When President Barack Obama traveled to Israel in March, he was keen to “reaffirm the unbreakable bond between our nations” and “to restate America’s unwavering commitment to Israel’s security.” Over the years, Washington has displayed this resolve in several ways. One of the most consequential has been the continuous stream of taxpayer dollars that has kept Israel armed to the teeth and reduced the prospects for Middle East peace.
During his State of the Union Address last night, President Barack Obama said:
We don’t need to send tens of thousands of our sons and daughters abroad, or occupy other nations. Instead, we will need to help countries like Yemen, Libya and Somalia provide for their own security, and help allies who take the fight to terrorists, as we have in Mali. And, where necessary, through a range of capabilities, we will continue to take direct action against those terrorists who pose the gravest threat to Americans.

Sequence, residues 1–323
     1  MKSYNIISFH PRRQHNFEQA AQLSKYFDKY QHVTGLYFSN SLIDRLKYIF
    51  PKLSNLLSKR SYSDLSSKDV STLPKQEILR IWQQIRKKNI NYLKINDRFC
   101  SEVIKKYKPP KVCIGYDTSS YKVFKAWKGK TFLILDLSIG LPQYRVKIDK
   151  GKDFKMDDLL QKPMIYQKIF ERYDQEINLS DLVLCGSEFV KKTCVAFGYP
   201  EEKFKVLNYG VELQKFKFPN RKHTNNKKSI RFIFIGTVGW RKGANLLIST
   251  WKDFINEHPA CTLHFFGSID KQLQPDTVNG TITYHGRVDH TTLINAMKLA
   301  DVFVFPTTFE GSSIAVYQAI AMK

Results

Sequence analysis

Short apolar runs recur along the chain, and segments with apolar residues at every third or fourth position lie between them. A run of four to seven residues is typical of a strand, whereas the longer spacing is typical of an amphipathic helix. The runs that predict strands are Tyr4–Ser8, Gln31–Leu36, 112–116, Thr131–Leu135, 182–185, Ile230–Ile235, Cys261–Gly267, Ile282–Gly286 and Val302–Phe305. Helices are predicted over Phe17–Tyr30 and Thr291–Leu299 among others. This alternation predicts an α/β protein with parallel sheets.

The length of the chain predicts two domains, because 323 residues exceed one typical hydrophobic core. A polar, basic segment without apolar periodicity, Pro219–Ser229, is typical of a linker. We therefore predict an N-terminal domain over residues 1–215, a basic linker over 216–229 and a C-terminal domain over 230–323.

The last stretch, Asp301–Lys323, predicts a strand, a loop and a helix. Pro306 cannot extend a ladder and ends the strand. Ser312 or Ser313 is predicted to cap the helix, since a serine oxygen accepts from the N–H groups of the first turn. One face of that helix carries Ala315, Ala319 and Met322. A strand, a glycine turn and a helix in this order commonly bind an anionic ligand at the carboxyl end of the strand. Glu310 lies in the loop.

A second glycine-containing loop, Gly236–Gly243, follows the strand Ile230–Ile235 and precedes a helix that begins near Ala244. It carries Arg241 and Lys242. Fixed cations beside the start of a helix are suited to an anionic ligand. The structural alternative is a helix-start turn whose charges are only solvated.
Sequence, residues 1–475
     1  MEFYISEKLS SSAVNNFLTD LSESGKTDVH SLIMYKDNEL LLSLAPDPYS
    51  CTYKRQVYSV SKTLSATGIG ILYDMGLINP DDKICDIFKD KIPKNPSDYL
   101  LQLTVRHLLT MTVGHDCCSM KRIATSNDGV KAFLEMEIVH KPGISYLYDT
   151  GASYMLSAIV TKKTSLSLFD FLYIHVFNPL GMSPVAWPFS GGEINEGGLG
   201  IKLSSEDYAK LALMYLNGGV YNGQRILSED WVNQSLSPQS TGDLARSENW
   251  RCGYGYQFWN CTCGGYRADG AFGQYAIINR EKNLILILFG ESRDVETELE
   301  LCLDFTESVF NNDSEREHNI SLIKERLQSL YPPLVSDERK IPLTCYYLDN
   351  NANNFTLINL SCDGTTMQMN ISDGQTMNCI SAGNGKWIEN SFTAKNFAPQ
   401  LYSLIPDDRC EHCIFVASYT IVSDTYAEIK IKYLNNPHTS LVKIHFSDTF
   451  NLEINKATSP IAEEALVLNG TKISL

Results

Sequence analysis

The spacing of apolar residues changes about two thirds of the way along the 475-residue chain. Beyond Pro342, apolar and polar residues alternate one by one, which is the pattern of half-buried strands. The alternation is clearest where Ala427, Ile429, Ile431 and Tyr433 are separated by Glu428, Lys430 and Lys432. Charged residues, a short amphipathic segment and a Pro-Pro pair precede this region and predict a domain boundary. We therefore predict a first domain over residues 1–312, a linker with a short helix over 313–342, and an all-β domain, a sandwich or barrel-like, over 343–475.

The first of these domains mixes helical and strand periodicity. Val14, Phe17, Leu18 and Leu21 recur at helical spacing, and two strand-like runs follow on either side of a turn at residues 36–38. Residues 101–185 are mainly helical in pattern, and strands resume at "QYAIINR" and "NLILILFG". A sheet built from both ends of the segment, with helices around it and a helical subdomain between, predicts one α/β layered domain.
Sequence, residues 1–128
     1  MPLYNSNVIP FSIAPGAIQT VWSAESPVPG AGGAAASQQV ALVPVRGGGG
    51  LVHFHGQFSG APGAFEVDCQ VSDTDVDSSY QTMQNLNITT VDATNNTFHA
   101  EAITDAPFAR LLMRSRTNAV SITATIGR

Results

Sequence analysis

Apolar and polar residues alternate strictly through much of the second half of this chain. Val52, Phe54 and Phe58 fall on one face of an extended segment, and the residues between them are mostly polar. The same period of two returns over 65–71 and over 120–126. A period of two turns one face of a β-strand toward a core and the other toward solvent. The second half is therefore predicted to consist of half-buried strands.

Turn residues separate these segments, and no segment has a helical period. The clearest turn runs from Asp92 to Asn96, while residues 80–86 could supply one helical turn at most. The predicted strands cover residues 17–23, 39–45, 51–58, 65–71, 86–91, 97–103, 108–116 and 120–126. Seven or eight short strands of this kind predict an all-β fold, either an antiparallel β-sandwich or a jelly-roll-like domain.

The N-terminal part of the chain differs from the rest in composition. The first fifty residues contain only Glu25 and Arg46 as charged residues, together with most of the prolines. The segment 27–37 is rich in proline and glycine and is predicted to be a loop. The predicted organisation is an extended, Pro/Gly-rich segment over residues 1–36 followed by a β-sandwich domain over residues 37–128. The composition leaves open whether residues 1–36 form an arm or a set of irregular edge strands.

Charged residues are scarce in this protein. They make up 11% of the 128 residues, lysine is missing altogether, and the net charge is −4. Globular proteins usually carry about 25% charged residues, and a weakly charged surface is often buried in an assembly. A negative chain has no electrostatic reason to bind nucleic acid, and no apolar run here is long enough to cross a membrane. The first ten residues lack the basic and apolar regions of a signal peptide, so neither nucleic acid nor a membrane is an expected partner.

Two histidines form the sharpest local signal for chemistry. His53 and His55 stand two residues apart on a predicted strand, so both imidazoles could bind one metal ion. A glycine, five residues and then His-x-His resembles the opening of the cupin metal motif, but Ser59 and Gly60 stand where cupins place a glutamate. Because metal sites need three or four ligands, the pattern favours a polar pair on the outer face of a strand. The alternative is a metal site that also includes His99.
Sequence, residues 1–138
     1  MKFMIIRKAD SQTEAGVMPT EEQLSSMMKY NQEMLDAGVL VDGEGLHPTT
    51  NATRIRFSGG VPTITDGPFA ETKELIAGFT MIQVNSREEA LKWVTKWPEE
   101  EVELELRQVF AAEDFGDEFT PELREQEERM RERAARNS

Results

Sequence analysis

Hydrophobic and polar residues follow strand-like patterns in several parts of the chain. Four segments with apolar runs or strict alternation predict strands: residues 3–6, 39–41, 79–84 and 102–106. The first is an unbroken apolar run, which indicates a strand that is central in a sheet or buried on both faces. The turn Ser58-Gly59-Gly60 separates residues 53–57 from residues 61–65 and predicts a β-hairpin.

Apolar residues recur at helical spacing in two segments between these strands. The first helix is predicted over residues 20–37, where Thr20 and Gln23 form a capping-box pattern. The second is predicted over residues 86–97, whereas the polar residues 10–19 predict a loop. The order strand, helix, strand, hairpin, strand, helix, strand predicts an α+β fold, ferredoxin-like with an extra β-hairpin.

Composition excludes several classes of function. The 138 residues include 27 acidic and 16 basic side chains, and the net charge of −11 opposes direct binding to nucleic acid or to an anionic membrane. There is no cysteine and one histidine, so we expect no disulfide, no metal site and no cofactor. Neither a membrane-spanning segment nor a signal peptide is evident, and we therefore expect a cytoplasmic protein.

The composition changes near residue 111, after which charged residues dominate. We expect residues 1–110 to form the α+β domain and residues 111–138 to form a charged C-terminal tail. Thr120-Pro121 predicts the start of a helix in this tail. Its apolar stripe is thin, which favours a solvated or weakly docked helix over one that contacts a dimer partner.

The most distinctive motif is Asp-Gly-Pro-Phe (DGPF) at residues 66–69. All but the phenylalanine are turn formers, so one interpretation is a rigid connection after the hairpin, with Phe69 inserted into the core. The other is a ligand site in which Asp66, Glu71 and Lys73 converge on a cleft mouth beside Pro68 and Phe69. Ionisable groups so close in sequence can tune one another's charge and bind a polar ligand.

Zero Dark Thirty is a movie the CIA wants you to see.
It tells a tale of the search for Osama bin Laden wherein the key lead comes from a man softened up by waterboarding, sleep deprivation, confinement in a coffin-like box and other forms of pain and humiliation. It shows CIA agents extracting subsequent clues by similar means or the threat thereof. It alludes to other evidence supplied by “the Paks” and “the Jords” that was also obtained from detainees under duress. It twice depicts CIA officials asking the higher-ups how they are to find bin Laden when, after Barack Obama’s election, “the detainee program” is taken away.